Claudia Stevens is a performance artist adept at using the unlikely to unearth unexpected truths.
The unlikely components of In the Puppeteer's Wake - her moving one-woman show at the Theatre Project - are fairy tales and the Holocaust. The truths she unearths concern survival, identity and self-discovery.
The Richmond-based performer revealed a talent for unusual juxtapositions in her previous Theatre Project piece, Playing Paradis, in 1994, which interwove the biography of a blind 18th-century Viennese musician with Stevens' own discovery of her parents' hidden past as Holocaust survivors.
In Puppeteer, she uses an even more bizarre juxtaposition to explore that discovery in greater depth. This time she splices the tale of Hansel and Gretel, her father's escape from Nazi-occupied Czechoslovakia to Palestine, and his mother's death when she attempted to follow him a year later.
As she explains in the opening moments, Hansel and Gretel is included because four decades ago, her father made puppets of the fairy-tale characters for a televised puppet show on which she played Gretel. Although the adult Stevens isn't the most skillful puppeteer, her father's puppets - doll-like figures on sticks, mounted on a small table on stage - are an integral part of In the Puppeteer's Wake.
Stevens reveals her family's harrowing Holocaust story gradually through her own narration and letters written by her father, grandmother and a traveling companion of her grandmother's. A trained musician, she sings these letters and accompanies herself on the piano, at times playing piano with one hand, manipulating a puppet with the other and singing simultaneously. (Overall, however, this challenging work might benefit if she brought in a director to make the transitions more fluid.)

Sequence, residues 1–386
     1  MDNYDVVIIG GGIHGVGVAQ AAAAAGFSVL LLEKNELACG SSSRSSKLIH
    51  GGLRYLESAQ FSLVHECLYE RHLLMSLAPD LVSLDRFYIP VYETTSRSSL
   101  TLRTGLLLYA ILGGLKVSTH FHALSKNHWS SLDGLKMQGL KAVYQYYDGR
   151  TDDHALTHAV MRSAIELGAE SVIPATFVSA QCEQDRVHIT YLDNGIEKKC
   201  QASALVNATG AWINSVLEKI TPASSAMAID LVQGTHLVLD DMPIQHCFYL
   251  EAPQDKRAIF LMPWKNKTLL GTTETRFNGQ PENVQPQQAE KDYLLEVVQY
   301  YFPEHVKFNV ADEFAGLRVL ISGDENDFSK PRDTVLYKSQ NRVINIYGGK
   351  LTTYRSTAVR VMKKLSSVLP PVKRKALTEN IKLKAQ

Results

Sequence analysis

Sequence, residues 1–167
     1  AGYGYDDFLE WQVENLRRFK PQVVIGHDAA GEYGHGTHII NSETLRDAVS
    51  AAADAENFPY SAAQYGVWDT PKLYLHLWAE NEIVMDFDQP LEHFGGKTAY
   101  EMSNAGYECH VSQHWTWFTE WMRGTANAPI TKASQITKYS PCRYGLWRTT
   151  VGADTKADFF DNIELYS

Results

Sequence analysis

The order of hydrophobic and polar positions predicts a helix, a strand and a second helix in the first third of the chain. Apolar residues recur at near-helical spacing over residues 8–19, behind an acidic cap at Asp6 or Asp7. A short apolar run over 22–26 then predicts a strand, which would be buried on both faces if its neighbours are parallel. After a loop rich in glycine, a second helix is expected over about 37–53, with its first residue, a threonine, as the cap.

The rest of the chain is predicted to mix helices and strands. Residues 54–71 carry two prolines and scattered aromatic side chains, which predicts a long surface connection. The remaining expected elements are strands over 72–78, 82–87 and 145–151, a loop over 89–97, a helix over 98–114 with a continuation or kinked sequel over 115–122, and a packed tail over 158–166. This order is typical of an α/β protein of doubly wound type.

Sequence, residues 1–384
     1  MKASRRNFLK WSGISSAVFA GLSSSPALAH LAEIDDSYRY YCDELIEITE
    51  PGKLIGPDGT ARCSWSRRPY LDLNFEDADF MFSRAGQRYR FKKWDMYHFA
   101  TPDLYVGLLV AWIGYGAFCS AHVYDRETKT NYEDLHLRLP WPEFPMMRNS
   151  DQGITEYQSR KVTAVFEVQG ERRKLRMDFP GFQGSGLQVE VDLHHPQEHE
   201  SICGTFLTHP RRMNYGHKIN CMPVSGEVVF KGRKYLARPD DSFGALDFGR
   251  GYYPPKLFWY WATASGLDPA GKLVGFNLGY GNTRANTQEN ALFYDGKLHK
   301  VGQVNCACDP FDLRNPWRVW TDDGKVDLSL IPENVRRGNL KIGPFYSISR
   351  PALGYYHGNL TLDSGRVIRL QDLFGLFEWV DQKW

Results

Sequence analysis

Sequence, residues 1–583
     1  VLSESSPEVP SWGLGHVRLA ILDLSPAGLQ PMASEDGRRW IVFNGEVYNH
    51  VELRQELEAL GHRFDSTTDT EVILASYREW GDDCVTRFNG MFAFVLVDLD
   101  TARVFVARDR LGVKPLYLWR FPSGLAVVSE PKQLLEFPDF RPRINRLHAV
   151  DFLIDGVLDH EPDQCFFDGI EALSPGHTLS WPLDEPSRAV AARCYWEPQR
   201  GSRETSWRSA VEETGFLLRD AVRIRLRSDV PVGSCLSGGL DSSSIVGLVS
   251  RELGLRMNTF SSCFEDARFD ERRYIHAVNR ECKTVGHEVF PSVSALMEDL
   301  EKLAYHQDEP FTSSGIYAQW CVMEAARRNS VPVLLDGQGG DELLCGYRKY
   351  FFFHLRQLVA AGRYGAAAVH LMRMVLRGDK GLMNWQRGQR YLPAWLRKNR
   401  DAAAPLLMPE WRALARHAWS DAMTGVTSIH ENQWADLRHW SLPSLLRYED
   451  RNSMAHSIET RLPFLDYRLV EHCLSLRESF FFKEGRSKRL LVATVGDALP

The 90-minute piece includes an additional recurring element - sea voyages. Stevens divides the production into four scenes, each named for a ship that figured prominently in her family's history: the Queen Elizabeth II, on which she crossed the Atlantic with her mother as a college graduation gift in 1969; the S.S. Katina, the battered freighter that transported her father to safety in Palestine in 1939; the S.S. America, on which her parents sailed to their new home in the United States in 1947; and the Milos, on which her grandmother began her fatal journey to Palestine in 1940.
Stevens also incorporates quotations from the late child psychologist Bruno Bettelheim, author of The Uses of Enchantment: The Meaning and Importance of Fairy Tales, and himself a Holocaust survivor. She delivers these passages in a Viennese accent, while hidden behind a mask of the psychologist's face.
But even Bettelheim's analyses could not have anticipated the eerie coincidence of Stevens' father choosing to mount a puppet show based on a tale in which a witch bakes children in an oven.
"She who'd fancied herself in a play, finds she is anyway," Stevens says of herself near the end of In the Puppeteer's Wake. Unlike the usual disclaimers, the program for this production states: "All incidents depicted in the piece are entirely factual."
In the end, the unlikeliest thing about Stevens' show may be that there's a factual basis for the juxtaposition of the Holocaust, fairy tales and sea voyages. A voyage of self-discovery taken by a woman who found out her presumed past was a fairy tale, In the Puppeteer's Wake is a haunting journey.
In the Puppeteer's Wake
Where: Theatre Project, 45 W. Preston St.
When: 8 p.m. tonight, tomorrow, Jan. 24-26; 3 p.m. Jan. 20 and 27